A typical workday for former governor Fife Symington used to include Cabinet meetings, huddles with lawmakers and a dark suit and tie.
Not anymore. The onetime real estate developer, forced from office after being convicted of bank fraud in 1997, has reinvented himself -- as a pastry chef.
He and Franco Fazzuoli, a chef and restaurateur, opened Franco's Italian Caffe in February.
"This is where my heart is," Symington said. "I'd rather be doing this than making money. It's a great experience. . . . I get to start all over again, and that's a great thing to do."
His specialties now include tiramisu -- spongecake pieces soaked in coffee and liqueur, layered with cheese and chocolate -- and his own chocolate mousse cake recipe, dubbed "The Governor (high taste, low taxes)."
Although his convictions were eventually overturned, Symington resigned as governor in September 1997, an hour after a federal jury convicted him on bank fraud charges that stemmed from his bankrupted real estate empire.
"At that moment, I absolutely made up my mind I was going to leave without bitterness or recriminations. I was going to chart a different path," Symington said as he stood in the kitchen at Franco's clad in a white chef's smock and apron.
The transition wasn't easy.
Survival was not the issue; he was still wealthy. But overnight, the security detail was gone, as was the administrative staff. Many of his friends were suddenly gone too. And Symington faced the prospect of prison.
He felt naked, he said. "You still have a high profile. People continue to stare at you. You worried about your family, that sort of thing."
While his attorney appealed his conviction, Symington took refuge in culinary school.
Just five months after leaving office, he was scrubbing rubber kitchen floor mats, cleaning deep fat fryers and struggling to learn proper knife technique.
He completed the first six weeks of culinary "boot camp" and spent a year slicing, kneading and sauteing his way to a culinary arts and restaurant management degree. He interned in a restaurant in Scottsdale, Ariz., that Fazzuoli owned at the time.
His legal prospects improved dramatically in 1999, when the U.S. Court of Appeals for the 9th Circuit overturned his criminal convictions. A pardon issued by President Bill Clinton in January 2001 ensured charges would not be refiled, though Symington insists he eventually would have prevailed anyway.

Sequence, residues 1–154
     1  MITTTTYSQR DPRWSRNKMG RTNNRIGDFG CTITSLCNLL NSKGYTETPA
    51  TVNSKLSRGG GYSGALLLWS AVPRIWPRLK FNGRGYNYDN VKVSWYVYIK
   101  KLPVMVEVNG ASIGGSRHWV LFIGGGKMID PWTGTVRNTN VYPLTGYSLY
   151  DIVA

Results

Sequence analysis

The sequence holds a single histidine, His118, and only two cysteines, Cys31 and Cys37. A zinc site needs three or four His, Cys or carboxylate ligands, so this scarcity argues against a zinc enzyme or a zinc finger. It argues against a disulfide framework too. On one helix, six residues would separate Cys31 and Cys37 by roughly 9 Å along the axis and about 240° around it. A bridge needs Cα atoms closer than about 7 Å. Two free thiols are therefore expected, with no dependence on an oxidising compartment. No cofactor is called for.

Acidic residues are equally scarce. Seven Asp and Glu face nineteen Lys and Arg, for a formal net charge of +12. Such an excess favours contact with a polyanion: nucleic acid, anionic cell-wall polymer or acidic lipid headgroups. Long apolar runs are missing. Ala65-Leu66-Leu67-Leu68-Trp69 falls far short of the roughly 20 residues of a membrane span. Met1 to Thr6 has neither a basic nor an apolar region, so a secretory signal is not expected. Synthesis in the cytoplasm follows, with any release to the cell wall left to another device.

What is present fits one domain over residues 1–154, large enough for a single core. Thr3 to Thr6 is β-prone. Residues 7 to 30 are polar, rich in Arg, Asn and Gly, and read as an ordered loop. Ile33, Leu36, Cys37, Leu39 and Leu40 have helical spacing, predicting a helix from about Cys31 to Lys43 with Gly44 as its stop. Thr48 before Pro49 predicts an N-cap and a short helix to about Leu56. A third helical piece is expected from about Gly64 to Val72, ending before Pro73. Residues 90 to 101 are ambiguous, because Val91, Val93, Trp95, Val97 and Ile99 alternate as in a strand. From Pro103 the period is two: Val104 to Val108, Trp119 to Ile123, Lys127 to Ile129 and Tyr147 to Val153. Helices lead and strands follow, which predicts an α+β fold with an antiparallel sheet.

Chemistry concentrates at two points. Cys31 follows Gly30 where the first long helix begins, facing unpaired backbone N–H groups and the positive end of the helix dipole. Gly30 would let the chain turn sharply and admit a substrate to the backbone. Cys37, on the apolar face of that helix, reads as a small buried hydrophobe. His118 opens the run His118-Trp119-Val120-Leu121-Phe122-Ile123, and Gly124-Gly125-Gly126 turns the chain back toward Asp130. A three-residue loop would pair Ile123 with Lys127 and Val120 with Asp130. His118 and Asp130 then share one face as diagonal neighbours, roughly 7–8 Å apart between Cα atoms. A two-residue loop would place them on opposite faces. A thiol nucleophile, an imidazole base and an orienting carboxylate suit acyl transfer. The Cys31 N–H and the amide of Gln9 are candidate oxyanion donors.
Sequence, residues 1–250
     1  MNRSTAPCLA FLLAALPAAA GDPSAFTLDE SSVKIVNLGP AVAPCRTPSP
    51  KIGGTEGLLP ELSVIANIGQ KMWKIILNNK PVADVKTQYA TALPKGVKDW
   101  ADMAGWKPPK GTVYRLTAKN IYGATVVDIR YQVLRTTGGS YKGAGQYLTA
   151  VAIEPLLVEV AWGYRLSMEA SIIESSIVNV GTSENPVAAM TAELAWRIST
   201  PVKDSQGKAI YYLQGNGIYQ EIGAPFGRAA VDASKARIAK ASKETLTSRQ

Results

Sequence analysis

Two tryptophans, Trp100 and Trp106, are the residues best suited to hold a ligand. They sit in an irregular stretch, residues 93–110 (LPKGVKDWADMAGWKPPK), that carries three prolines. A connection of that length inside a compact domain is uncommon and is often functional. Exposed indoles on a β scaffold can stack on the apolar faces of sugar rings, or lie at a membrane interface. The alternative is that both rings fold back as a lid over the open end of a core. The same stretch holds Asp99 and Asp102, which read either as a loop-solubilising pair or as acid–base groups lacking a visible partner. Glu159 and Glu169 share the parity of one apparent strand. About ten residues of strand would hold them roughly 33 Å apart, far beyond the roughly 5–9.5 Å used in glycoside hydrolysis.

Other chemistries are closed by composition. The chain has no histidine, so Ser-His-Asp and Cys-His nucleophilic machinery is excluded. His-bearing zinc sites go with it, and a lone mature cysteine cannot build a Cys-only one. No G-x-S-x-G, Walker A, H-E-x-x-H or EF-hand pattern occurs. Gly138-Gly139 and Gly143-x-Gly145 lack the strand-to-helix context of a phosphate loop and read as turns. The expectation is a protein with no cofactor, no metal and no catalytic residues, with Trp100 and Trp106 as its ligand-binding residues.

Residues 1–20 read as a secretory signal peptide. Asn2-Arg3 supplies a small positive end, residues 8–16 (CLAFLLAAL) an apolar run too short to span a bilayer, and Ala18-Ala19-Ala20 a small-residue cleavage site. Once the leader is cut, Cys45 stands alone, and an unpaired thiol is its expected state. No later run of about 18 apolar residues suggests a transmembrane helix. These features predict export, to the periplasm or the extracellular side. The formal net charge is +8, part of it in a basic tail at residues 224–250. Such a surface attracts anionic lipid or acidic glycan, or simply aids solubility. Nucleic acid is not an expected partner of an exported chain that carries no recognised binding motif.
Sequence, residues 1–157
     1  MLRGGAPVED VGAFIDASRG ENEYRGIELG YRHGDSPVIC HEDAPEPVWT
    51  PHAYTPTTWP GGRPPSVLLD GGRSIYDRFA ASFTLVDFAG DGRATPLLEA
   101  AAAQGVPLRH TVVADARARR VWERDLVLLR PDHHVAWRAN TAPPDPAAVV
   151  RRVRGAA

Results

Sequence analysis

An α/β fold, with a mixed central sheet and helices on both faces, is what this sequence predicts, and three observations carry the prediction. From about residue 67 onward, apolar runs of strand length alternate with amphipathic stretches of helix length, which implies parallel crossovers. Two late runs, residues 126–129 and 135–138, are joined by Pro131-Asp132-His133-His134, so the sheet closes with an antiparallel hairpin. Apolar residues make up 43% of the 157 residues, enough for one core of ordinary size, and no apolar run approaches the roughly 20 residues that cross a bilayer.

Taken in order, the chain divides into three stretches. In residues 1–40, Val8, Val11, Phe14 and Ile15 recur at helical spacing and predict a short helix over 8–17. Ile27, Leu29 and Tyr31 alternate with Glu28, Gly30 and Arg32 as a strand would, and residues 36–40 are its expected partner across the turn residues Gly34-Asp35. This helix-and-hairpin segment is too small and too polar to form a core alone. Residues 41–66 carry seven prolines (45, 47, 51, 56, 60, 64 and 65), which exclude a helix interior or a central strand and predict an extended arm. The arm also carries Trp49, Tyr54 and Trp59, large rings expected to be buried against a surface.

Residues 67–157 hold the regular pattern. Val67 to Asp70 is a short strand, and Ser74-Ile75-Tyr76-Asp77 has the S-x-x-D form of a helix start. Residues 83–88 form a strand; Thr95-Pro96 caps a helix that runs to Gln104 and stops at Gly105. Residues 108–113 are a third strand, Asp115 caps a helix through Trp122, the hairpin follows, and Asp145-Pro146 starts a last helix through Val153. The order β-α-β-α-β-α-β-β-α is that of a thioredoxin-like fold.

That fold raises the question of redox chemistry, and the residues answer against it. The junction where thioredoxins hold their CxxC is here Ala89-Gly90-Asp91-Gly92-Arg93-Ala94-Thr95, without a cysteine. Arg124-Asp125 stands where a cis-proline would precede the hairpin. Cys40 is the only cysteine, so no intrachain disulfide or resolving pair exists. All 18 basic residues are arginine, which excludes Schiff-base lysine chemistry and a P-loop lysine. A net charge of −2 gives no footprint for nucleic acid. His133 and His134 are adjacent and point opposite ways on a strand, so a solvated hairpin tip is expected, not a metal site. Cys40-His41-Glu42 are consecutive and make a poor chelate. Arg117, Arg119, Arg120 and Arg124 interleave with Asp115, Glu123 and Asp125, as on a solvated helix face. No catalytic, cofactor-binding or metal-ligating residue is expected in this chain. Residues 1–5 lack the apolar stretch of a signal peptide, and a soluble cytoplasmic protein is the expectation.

With his legal troubles behind him, Symington, 57, returned to his entrepreneurial roots -- with a culinary flair. He helped start the Arizona Culinary Institute a year ago.
"This has been a wonderful and exciting time in his life," said Doug Cole, a friend and aide during Symington's administration. "He's just been pursing life with gusto and energy and vigor. It's the old entrepreneurial Fife Symington."
Cole said Symington had always been interested in food. But as governor he gave no indication he wanted to someday spend mornings separating egg whites and yolks and chopping bittersweet chocolate.
Some people still don't believe it, Fazzuoli said. "They think it's a joke."
But he insists that Symington makes tiramisu (the name means "pick me up" in Italian) as well as Fazzuoli's mother does.
Diners who catch a glimpse of Symington wearing his double-breasted white chef's smock are often stunned. "There's sort of a look of shock on people's faces," Symington said.
But going to culinary school has been among the smartest things the former governor has done, Cole said.
"Not only was it a good education from an intellectual standpoint, but from an emotional standpoint, it was therapeutic," he said.
There are few similarities between Symington's previous careers and his new one amid the steamy vats and large trays of seasoned potatoes. But his job site is familiar; Franco's is on the bottom floor of the Camelback Esplanade, an upscale office and retail complex that had been the crown jewel of Symington's real estate empire.
"This project has been a part of my life, for better or worse," he said. "I think it's for the better. I'm happy to have been involved in it."
Would Symington, a Republican, ever attempt a return to Arizona politics?
"It's possible," he said. "I think I did a really good job when I was in office. I stood -- stand -- for the right things.
"But I'm very happy doing what I'm doing now."